In the Middle

Dear Jewish Fairy Godmother:

Long complicated story much shorter: I used a contractor last year for
a major remodel. Call him Nathan. This past winter my friend Beth and
her husband Mark needed a new deck and walkway done. Nathan gave
them an estimate but was very clear he couldn’t pin down total cost
until he tore off the old one and saw if there was any dry-rot to the
supports, etc. They went ahead and used him. He told me he really
liked Beth but that Mark was a pain in the patootie and kept asking
him do to “just one more thing” several times. He failed to say, That’s
an add-on” or “That’ll cost more.” And just did the work. He told me
that he did about $1500 in extra labor, but when he told them that at
the end of the project, Mark would not pay him. He sounded very dark
about Mark’s recent vacation and Mark’s new car. I was horrified, and
said, I’ll talk to Beth. He said he had no hard feelings with her and it
was “water under the bridge” and that he has “moved on.” I think he
does not want me to bring it up. But Beth and I used to be close, and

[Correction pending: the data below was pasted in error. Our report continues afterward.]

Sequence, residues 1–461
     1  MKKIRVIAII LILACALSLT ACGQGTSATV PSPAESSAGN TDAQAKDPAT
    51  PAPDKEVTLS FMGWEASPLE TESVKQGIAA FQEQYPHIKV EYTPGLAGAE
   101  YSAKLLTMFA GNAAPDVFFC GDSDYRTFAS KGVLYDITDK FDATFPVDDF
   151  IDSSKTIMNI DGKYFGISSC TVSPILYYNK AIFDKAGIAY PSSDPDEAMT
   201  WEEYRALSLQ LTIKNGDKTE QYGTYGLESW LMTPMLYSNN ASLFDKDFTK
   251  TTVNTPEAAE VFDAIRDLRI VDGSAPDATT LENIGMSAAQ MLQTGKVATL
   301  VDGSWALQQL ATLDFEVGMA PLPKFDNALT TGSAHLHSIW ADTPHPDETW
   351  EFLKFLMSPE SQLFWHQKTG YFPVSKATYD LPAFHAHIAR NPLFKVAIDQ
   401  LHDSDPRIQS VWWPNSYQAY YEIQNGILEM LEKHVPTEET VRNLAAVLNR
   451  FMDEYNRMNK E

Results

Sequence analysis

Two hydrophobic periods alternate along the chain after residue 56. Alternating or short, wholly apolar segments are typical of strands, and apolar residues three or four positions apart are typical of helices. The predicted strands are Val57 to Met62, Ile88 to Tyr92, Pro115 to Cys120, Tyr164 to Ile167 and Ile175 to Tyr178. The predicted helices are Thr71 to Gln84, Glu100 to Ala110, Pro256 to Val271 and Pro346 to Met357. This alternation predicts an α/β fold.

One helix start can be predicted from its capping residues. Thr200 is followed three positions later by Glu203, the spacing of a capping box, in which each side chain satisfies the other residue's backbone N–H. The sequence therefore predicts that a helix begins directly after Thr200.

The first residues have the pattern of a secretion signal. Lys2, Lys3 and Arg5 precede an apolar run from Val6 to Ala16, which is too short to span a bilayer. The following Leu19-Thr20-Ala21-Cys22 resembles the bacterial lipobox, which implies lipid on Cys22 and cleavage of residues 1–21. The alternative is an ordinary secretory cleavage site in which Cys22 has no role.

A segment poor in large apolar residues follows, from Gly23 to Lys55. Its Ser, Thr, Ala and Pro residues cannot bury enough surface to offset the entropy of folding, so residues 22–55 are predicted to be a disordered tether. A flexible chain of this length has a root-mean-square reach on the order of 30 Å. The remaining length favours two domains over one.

even though we don’t see each other very often now, I feel somewhat
responsible for Nathan not getting paid. Should I shut up or speak to
her? PS a mutual friend says this is a pattern of Mark’s, schnorring
even people he knows far better.

In the Middle

Dear In the Middle:

You’re bearing guilt that you are not going to be able to easily get rid
of. Ultimately it was Nathan’s responsibility to say something at the
time like, That’s an add-on. or That’s work that’s outside the scope of
what we discussed. It’ll cost approximately $xyz more, at an hourly of
$xy. Ideally to protect both homeowner and contractor, there should
have been a written bid, or at least an estimate, with terms about
payment for materials and the hourly rate documented. As well as the
initial scope of the work. In the absence of either an original and/or an
amended description, Mark may feel as right as you do on Nathan’s



If the friendship matters to you, you have two choices. One: move
past it without saying anything to Beth, because Nathan seems to
have done so. Or, two, say something because it is bothering you,
without having any expectation that the situation will change. The
latter is more troublesome, because you are transferring your angst
onto their relationship. If you do say something, limit it to what you
know directly, not what you have been told about other situations. But
don’t expect to be satisfied by the convo.